(UnitedHeadlines.com) – On Aug. 15, the former Wisconsin state court system director Randy Koschnick, who was recently fired, filed five complaints against four liberal Wisconsin state Supreme Court justices as well as complaints against his replacement.
The complaints were filed against his successor Audrey Skwierawski, who was a Milwaukee County Circuit Judge, as well as Wisconsin state Supreme Court Justices Janet Protasiewicz, Ann Walsh Bradley, Jill Karofsky, and Rebecca Dallet. In his complaints filed with the Wisconsin Judicial Commission, Koschnick states that Skwierawski, who was named as Koschnick’s replacement, can’t legally assume the position.
According to the Wisconsin constitution, justices are prohibited from working in a nonjudicial role until the end of their term ends. Due to the constitutional restriction, Koschnick argues that Skwierawski is not eligible to serve as director until July 2025.
The Wisconsin state court system director is the state’s top nonjudicial court official. The director advises the Supreme Court on how to improve court processes as well as overseeing court budgets and operations.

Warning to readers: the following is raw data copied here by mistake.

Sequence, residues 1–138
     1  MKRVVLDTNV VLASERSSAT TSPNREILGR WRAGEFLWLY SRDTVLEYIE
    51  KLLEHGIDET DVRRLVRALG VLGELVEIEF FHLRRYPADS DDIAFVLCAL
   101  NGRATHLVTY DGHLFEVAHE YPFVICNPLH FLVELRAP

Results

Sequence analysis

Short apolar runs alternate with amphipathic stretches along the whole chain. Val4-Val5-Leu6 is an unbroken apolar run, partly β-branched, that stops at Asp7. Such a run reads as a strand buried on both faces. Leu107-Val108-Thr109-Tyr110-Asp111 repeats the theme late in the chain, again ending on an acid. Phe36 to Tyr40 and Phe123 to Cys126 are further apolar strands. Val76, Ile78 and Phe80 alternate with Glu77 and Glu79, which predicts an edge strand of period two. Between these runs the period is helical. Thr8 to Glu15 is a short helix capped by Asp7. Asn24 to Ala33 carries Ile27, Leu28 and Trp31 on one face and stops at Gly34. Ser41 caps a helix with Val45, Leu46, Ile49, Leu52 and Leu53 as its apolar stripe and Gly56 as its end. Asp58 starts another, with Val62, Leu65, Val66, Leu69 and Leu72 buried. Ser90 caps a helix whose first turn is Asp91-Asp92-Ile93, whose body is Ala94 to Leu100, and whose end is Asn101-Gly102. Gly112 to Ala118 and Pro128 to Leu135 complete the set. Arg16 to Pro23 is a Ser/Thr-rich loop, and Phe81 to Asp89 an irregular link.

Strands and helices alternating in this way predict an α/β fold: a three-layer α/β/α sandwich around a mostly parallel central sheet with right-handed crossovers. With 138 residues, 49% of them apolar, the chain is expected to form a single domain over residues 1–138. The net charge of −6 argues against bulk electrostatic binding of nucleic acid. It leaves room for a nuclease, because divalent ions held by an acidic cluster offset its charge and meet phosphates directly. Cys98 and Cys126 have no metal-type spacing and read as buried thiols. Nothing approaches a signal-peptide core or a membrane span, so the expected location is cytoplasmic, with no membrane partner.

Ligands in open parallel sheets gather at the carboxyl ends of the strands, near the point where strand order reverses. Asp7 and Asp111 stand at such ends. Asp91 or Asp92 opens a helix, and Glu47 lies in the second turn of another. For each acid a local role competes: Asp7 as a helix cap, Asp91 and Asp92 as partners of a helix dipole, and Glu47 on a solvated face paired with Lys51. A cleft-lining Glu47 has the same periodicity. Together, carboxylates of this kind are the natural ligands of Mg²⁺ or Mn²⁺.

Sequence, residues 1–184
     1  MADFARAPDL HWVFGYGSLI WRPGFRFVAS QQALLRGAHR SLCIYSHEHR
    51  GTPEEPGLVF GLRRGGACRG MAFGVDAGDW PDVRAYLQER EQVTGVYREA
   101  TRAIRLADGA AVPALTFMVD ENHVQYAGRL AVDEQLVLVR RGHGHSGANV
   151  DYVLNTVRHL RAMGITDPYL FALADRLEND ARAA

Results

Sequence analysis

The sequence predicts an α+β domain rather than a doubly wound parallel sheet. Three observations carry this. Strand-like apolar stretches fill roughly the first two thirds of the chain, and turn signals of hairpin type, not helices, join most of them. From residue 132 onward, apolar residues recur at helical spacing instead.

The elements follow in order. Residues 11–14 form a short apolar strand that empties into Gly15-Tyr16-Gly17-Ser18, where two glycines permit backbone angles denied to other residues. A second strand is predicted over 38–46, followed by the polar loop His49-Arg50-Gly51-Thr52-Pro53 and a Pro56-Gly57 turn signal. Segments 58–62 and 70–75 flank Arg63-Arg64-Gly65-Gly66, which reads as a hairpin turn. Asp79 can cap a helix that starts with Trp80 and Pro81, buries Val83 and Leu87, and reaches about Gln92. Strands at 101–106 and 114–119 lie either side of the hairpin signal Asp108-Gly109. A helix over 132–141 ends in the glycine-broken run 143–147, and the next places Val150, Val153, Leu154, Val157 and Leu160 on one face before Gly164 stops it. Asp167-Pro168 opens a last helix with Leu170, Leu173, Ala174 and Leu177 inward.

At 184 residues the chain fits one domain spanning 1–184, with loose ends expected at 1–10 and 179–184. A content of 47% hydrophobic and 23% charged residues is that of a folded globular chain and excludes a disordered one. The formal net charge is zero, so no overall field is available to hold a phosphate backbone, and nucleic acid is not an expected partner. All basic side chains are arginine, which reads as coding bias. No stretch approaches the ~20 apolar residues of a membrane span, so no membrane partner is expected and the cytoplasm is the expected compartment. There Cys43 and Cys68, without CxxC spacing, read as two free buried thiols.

In 2008, conservatives gained control of the Wisconsin Supreme Court. However, they did not fire the director, John Voelker. Koschnick was appointed to the role by a conservative majority in 2017. In April, one day after the Wisconsin Supreme Court flipped to liberal control, Koschinck was fired. Skwierawski then began serving as director in August, taking a leave of absence from her judicial position on Aug. 3.
On Aug. 16, Skwierawski stated that she, along with several other legal experts, had been thoroughly examined before she accepted the position. Both Rick Niess, a former Dane County Circuit Court Judge, as well as Madison attorney Lester Pines argue that the director position is a judicial role because it falls under the judicial branch.
Koschnick stated that he is “not trying to get my job back.” He added that he is “concerned about the court system and the constitution being followed.”
Conservative Chief Justice Annette Ziegler called the move “shameful” stating it is “a raw exercise of overreaching power.”
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